"Loving the Dead and Gone is an absorbing account of two generations of women, living in North Carolina, who struggle to put love at the centre of their lives. How well Turner-Yamamoto understands the complexities of passion, the necessity of work and the limits of small towns. This beautifully written novel, with its complicated, stubborn characters, will haunt you long after the last page."
—Margot Livesey, Author of The Boy in The Field
"There has been an accident in tiny Gold Ridge, a place where most lives revolve around farming the earth or working the hosiery mill, and everyone is changed by it. In a voice that rings with the colloquial timbre of William Faulkner melded with the rural realism of Carol Chute’s The Beans of Egypt, Maine, Judith Turner-Yamamoto brilliantly uses a tragedy to draw us into a place so real you can smell it, where her tapestry of narrator voices captivates us with empathy and love. I was fortunate to be on the panel of the Ohio Artistic Awards in Literature that chose to award Loving the Dead and Gone, recognizing its lyric strength and deep and empathic understanding of rural America."
—Elizabeth Cohen, author of The Hypothetical Girl
"Turner-Yamamoto's multigenerational saga reminds me of Bobbie Gentry’s great Patchwork album, with a touch of William Goyen, Lee Smith, and Our Town. This bittersweet paean to a NC Piedmont hosiery mill town is a mid- 20th century time capsule of car wrecks, nerve medicine, open caskets, ghosts, and gossip. Bad luck and trouble ricochet between families until desire and memories are swept away. And yet, the female lens and circular narrative make Loving the Dead and Gone a sensory delight."
—Richard Peabody, editor, Gargoyle Magazine
"Judith Turner-Yamamoto's Loving the Dead and Gone is a love story that begins with a tragedy, proceeds through loss and suffering, and winds up in a place of deeply earned redemption. Though there are several characters who guide us through this unstoppable narrative, none is more breathtakingly rendered that Aurilla Cutter. Women like Aurilla, we say in the South, will live forever because they're too mean to die. Ah, but Aurilla has a past that will touch your heart and explain her present. She's an unforgettable character among a cast of unforgettables, from her put-upon daughter Berta May, to the heartbroken and fiery seventeen-year-old widow, Darlene, to Berta Mae's haunted husband, Clayton. Actually, everything about Loving the Dead and Gone, to Judith Turner-Yamamoto's great credit, is unforgettable."
—Ed Falco, author of the NY Times Best Seller, The Family Corleone
"Judith Turner-Yamamoto has written a brilliantly lyrical novel born of her native Southern heritage. Within these pages are the compelling and unforgettable characters of a North Carolina family steeped in love and generational conflict tempered by a tough country spirit."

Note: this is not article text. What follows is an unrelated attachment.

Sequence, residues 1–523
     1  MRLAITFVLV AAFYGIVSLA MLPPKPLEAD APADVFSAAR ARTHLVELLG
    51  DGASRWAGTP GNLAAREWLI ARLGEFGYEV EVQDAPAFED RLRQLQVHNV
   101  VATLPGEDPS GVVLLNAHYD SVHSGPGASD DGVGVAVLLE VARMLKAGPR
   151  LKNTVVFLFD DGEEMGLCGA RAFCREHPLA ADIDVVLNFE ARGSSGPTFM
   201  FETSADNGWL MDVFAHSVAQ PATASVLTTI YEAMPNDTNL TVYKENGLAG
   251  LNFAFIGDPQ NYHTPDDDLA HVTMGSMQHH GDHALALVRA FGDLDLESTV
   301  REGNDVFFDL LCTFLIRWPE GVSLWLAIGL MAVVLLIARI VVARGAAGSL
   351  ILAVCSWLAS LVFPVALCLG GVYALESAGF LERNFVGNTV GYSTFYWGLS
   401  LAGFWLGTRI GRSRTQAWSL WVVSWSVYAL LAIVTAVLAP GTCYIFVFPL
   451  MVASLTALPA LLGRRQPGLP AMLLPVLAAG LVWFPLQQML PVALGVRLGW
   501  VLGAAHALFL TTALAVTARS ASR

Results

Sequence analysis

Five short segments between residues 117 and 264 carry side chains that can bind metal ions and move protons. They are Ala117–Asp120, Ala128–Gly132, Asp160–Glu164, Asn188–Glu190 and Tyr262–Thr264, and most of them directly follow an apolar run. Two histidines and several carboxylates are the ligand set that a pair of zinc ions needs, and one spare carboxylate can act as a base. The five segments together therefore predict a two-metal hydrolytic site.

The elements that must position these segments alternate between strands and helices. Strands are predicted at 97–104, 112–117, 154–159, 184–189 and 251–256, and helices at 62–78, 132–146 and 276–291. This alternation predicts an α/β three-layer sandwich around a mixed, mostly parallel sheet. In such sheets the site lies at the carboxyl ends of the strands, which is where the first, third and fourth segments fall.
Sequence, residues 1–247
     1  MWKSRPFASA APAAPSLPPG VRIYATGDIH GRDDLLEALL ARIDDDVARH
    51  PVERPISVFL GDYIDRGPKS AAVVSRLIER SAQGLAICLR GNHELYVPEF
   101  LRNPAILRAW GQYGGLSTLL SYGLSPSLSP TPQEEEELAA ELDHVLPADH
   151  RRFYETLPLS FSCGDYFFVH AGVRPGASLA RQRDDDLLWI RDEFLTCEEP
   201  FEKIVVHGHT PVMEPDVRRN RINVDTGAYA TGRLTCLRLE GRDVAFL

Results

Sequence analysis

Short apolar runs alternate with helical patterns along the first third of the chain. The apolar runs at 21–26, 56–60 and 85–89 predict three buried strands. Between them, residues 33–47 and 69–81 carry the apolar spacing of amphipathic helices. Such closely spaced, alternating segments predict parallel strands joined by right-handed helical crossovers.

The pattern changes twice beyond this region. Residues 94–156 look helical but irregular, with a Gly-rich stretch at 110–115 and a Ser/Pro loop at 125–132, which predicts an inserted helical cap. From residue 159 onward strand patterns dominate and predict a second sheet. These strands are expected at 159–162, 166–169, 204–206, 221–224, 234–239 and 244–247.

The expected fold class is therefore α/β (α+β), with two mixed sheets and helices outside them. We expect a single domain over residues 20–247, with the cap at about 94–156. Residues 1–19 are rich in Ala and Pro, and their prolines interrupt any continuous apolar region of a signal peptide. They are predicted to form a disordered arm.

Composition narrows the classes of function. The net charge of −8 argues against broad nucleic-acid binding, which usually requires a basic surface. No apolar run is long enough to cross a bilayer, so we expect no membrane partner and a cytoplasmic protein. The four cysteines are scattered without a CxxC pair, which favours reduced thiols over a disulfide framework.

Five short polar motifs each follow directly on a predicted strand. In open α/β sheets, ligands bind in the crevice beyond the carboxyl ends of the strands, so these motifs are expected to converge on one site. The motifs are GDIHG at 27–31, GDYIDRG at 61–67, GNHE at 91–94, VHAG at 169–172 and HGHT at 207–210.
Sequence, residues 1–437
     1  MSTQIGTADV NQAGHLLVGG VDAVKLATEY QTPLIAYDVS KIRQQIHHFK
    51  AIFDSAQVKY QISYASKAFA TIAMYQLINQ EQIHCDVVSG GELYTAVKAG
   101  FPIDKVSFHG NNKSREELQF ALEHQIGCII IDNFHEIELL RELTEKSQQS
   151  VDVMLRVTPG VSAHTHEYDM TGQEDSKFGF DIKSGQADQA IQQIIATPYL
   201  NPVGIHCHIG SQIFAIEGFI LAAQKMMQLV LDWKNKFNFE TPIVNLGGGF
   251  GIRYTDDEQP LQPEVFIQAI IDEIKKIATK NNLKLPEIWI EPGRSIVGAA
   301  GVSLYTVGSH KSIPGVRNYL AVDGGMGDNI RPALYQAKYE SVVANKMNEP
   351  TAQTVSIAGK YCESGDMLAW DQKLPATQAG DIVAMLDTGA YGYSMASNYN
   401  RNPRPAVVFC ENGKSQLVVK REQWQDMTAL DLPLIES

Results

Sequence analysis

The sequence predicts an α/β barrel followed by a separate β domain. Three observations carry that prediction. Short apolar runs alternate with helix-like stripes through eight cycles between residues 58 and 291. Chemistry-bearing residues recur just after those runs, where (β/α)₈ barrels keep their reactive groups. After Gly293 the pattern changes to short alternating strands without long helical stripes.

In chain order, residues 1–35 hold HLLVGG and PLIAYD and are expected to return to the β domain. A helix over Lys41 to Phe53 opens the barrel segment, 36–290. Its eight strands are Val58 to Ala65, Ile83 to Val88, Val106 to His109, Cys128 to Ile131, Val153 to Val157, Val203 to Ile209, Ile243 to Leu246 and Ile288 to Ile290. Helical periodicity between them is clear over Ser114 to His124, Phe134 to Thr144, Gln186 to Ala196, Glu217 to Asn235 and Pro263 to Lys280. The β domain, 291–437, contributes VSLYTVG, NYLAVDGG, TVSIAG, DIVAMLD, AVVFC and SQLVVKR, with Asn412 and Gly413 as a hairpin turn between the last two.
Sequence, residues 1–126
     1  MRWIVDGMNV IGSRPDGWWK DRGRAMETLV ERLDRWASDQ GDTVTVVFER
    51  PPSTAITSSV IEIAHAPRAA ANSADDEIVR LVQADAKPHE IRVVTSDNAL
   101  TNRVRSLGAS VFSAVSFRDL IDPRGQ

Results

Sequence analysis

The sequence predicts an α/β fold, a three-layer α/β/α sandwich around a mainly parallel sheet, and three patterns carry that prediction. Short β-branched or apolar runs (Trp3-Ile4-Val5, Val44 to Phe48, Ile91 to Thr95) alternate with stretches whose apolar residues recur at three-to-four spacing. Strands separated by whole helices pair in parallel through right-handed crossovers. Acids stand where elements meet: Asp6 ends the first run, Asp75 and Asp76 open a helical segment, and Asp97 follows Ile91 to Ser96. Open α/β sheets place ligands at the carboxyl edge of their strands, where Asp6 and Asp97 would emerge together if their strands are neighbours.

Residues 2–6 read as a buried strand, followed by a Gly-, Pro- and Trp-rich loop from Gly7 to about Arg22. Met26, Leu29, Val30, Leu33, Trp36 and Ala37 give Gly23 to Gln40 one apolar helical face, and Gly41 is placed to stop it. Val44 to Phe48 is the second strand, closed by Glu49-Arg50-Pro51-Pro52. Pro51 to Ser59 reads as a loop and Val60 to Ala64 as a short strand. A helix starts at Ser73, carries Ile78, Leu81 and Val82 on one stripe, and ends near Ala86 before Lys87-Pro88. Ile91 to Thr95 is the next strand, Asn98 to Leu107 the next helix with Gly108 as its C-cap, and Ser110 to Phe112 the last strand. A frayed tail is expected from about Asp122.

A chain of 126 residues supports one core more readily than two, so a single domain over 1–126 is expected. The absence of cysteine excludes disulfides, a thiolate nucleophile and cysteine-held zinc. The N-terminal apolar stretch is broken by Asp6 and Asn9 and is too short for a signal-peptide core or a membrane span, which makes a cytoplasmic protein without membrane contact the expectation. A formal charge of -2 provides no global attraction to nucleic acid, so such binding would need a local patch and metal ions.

—Kay Sloan, author of The Patron Saint of Red Chevys, a Barnes and Noble "Discover Great New Writers" selection.
JUDITH TURNER-YAMAMOTO’s awards include a 2018 Ohio Arts Council Artistic Excellence Award, 2018 Bridport Prize for the Short Story, short list; fellowships from the Virginia Center for the Creative Arts and Fundacíon Valparaiso; Fish International Short Story Prize, Runner-Up; Manchester Fiction Prize, Short List; StoryQuarterly Scholar, Sewanee Writers’ Conference; the Thomas Wolfe Fiction Prize, the Virginia Governor’s Screenwriting Award, two Individual Artist Fellowships from the Virginia Commission on the Arts, and a Moving Words Poetry Prize from Arlington County, Virginia Arts Council. She has been a finalist for numerous additional awards, including the Sundance Institute Screenwriters Workshop, the Cincinnati Library Foundation Writer in Residence, and the 2015 Eludia Award, Sowilo Press.
Her stories, poems, and nonfiction have appeared in magazines and journals, including The Mississippi Review, StorySOUTH, The American Literary Review, Verdad, The Village Rambler, Parting Gifts, Potomac Review, Dash, and Snake Nation Review. Anthologies featuring her work include The Boom Project, 2019, Fish Anthology 2016, (Fish Publishing, Cork, Ireland); Walking the Edge: A Southern Gothic Anthology, Dorothy Allison, editor; Gravity Dancers, Double Lives, Farm Wives and Other Iowa Stories, and Best New Poets 2005. She has taught fiction at the Writers’ Center at the Chautauqua Institution, the Danville Writer’s Conference, and at the Writers’ Center in Bethesda, Maryland.
An art historian, she is a critic and features writer covering the arts, design, and travel for Travel & Leisure, Elle, USAir, Art & Antiques, Interiors, The Boston Globe Magazine, among others. Her on-air interviews have been featured on “Around Cincinnati”, a weekly arts talk show on NPR affiliate station WVXU.